The black vulture (Coragyps atratus) is a large scavenging bird often seen near highways in search of carrion (decaying animals). They are not technically raptors due to their lack of strong talons and hooked beaks. These iconic, large birds are mostly black with a white patch near each wingtip and black feathers on the top of their heads due to their messy eating habits. The lack of feathers on top of their head keeps them cleaner and prevents wasted energy from continual bathing. Unlike turkey vultures, black vultures depend on their vision to find food. They are also more aggressive than turkey vultures when it comes to protecting carcasses.
When breeding, two white or gray-green eggs with brown blotches are usually laid under a bush, in a hollow log, under large rocks, or in a cave. Maymont currently has two black vultures, Magnolia, a male, and his offspring Daffodil, a female who hatched at Maymont.
Carrion, mammals, young birds
3.5-5 lbs, 2 ft tall, 4.5-5 ft wingspan
Grasslands, deserts, urban and rural areas of the southeastern U.S. to Central and South America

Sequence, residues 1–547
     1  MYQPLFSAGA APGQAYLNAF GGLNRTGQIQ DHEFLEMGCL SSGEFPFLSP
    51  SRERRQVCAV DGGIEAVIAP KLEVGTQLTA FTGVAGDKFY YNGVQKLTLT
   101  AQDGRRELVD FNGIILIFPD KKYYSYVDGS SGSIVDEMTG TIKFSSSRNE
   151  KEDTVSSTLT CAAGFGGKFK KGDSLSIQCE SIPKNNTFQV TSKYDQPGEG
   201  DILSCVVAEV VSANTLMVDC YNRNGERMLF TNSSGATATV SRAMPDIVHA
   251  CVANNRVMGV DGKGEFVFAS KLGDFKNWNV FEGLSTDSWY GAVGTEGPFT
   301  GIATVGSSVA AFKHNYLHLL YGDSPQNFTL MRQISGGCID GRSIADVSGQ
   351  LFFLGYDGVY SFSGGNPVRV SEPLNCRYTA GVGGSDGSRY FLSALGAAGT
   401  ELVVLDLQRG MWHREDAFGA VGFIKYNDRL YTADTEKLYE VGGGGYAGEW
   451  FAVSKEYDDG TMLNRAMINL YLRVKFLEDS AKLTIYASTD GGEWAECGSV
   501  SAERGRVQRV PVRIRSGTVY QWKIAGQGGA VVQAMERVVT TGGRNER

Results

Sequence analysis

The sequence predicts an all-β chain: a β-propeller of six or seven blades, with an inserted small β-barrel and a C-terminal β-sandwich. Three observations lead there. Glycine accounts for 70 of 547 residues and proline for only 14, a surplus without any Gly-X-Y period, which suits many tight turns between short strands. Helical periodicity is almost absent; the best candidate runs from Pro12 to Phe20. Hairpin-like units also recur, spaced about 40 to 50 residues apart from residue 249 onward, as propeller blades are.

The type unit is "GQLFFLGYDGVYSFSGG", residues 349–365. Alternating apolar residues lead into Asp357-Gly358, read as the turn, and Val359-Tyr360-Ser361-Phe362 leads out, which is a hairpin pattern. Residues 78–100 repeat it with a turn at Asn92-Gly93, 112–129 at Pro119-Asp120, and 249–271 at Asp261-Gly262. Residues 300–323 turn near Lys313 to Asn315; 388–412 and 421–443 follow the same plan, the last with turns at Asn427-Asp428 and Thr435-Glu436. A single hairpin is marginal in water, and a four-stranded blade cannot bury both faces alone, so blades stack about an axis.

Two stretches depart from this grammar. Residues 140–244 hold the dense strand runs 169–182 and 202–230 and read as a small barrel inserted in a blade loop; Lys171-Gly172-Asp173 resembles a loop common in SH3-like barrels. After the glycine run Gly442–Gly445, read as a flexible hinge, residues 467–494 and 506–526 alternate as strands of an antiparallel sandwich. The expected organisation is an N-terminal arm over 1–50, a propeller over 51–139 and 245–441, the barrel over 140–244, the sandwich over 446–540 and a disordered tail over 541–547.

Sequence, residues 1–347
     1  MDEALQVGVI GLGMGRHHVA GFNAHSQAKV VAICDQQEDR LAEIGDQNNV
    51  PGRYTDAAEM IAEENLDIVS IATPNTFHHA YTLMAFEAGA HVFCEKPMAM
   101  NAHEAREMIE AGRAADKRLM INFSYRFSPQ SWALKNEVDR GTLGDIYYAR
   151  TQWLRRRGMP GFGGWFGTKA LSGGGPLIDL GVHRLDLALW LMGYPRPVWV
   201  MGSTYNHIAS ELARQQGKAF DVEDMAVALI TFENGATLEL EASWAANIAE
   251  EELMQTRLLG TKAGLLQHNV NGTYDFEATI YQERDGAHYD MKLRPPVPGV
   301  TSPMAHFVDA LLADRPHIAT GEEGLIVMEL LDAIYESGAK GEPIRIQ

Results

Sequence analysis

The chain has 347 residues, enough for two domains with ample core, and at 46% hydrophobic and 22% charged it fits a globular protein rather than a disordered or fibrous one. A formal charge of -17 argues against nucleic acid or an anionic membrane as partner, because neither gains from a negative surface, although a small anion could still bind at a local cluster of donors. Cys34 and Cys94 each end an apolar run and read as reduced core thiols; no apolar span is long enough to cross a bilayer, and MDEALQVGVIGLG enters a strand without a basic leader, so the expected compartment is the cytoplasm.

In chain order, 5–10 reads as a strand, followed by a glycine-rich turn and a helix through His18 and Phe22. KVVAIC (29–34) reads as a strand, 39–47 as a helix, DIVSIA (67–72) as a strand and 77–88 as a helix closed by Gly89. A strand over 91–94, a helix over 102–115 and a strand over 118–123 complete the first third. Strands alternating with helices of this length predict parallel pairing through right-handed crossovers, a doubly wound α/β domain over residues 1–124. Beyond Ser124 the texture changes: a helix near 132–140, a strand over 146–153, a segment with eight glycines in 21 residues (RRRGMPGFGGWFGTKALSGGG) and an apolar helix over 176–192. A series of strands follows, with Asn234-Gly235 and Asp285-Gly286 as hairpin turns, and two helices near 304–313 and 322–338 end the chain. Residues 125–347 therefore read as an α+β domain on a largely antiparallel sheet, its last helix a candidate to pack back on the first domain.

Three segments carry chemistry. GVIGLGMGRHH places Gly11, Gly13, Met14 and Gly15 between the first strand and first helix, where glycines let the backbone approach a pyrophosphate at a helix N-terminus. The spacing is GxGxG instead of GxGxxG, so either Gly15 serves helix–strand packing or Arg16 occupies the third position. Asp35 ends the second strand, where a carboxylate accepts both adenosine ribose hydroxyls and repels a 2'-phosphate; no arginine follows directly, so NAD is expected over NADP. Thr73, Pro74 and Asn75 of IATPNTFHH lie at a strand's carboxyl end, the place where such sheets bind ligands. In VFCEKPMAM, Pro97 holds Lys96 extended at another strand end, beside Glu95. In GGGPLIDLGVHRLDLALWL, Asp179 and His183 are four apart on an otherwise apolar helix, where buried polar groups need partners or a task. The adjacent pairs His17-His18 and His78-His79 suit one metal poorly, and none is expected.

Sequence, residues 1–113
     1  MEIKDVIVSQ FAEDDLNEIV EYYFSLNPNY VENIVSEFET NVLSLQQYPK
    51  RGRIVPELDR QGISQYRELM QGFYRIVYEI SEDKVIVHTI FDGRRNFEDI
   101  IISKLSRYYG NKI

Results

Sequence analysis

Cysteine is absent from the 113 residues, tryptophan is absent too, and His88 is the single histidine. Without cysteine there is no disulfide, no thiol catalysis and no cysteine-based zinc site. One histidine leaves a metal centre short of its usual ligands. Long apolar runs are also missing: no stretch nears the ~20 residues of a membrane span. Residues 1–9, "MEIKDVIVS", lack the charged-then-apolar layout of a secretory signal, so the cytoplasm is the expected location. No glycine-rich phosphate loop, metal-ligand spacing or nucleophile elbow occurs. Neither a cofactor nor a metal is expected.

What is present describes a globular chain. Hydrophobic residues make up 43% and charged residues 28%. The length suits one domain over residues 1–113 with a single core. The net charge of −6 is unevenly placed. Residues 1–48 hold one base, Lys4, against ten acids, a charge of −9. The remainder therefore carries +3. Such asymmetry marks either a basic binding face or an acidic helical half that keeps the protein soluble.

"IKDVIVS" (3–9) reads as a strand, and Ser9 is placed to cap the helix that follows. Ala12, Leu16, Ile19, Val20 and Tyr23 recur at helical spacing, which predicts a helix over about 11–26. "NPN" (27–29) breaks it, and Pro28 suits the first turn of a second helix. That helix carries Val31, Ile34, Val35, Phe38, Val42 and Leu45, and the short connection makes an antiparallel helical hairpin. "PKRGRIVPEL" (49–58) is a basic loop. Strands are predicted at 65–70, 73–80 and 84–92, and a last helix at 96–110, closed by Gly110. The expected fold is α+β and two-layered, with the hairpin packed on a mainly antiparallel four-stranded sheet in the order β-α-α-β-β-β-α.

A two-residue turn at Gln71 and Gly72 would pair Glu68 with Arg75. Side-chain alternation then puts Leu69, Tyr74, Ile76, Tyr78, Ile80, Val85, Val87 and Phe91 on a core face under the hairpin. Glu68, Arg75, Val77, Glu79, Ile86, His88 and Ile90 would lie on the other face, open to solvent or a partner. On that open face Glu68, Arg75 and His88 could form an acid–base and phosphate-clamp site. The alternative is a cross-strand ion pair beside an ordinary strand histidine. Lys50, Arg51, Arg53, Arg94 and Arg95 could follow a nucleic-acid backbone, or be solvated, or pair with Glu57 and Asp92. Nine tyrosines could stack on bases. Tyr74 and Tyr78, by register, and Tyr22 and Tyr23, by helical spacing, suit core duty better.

- Black vultures will take weak, sick, or unprotected young birds and animals.
- They prefer carrion that is two to four days old.
- Black vultures are typically spotted near highways or in open country.
- They breed in light woodlands and thickets.
- Black vultures are vocal, making hissing or grunting sounds, but are seldom heard.
- The lack of feathers on a black vulture’s head is for cleanliness; fewer feathers mean black vultures spend less time and energy on preening.
- Black vultures use their vision to find food, while turkey vultures rely on their sense of smell.
- Maymont is home to a black vulture. She was born here at Maymont but was raised off-site for 6 months and then brought back to live at Maymont.
- Black vultures live 5-10 years in the wild and up to 25 years in captivity.